I even Googled "What to do when you hate your friend's boyfriend" to look for helpful tips. (Okay, maybe that was a bit dramatic, but I was trying to overcome my frustration with the whole thing.)
It is such an internal battle to ask the standard "How are you two?" questions while you are secretly cringing after saying the word "two" and hoping her answer will be something like: "Oh, I realized it wasn't working out and we aren't together anymore." And it's not because you want your friend to wind up a spinster with too many cats; it's simply because you love her and want someone better for her. But how can you possibly say that without putting your friendship in jeopardy?
I think this situation can go one of two ways if you aren't careful: not so well, and just not well--so you need to tread lightly. Always think before you speak, and maybe even run the scenario by a third party so you can gauge how rational you are (or aren't) before you pop your friend's love bubble. Today, for example, I called my mother instead of calling my friend, sparing her unsolicited advice about her boyfriend.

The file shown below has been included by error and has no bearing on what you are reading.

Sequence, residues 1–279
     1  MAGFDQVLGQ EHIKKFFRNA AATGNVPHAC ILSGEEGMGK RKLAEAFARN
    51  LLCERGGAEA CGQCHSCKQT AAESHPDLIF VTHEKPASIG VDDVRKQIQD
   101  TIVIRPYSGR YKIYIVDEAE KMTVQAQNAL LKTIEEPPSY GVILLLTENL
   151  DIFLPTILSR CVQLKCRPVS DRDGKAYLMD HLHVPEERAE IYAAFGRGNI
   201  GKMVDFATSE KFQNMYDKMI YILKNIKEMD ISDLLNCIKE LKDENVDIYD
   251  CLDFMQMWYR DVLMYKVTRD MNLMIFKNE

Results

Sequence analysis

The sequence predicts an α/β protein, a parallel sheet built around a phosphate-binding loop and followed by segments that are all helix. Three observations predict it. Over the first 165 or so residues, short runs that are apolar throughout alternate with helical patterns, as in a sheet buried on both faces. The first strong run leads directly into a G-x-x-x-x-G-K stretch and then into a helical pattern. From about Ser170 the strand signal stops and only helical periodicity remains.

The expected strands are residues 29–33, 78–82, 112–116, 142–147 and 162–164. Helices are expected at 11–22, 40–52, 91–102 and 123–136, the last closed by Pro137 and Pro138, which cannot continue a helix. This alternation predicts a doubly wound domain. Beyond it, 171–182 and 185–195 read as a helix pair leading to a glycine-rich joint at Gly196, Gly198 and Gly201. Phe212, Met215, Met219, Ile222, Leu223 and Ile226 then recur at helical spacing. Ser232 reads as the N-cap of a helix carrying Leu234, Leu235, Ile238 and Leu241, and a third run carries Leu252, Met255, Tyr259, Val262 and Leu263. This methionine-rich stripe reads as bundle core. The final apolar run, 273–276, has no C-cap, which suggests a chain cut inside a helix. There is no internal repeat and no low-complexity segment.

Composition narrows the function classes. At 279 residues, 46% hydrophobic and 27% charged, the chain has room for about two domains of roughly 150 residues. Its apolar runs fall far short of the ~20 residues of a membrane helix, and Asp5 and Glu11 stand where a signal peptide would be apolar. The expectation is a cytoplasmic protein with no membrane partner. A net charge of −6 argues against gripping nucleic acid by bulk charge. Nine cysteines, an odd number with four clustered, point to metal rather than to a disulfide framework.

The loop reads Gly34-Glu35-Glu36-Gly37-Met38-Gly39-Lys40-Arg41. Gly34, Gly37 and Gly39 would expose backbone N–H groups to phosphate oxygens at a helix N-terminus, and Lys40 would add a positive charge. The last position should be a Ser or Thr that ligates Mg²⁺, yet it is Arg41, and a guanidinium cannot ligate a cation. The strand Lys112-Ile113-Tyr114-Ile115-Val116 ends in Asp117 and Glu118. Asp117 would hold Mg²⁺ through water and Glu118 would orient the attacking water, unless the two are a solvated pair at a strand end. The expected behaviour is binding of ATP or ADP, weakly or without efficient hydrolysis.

I plucked some important points from our conversation:
- It is a personal choice who we date. And frankly, we don't want to hear it if anyone has an opinion.
- If you do have an opinion--and feel the need to express it--watch your delivery. Make sure you aren't attacking your friend's boyfriend, because she will get defensive (and you'll probably look like the bad guy).
- Listen. If your friends are afraid for you, hear them out. Maybe they are seeing something you are blind to.
- Make sure your reason for disliking him is valid. (And "just not liking him" isn't a reason.)
- Do you even know the guy? It's easy to pass judgement on someone you don't know. Ask to hang out as a group one day, and make it a point to get to know him.
- Be respectful. Appreciate each other's opinions, but recognize that you don't have to share them. It is okay to agree to disagree.
- Support. Even though it's tough, you have to be there for her, regardless of her decision-making.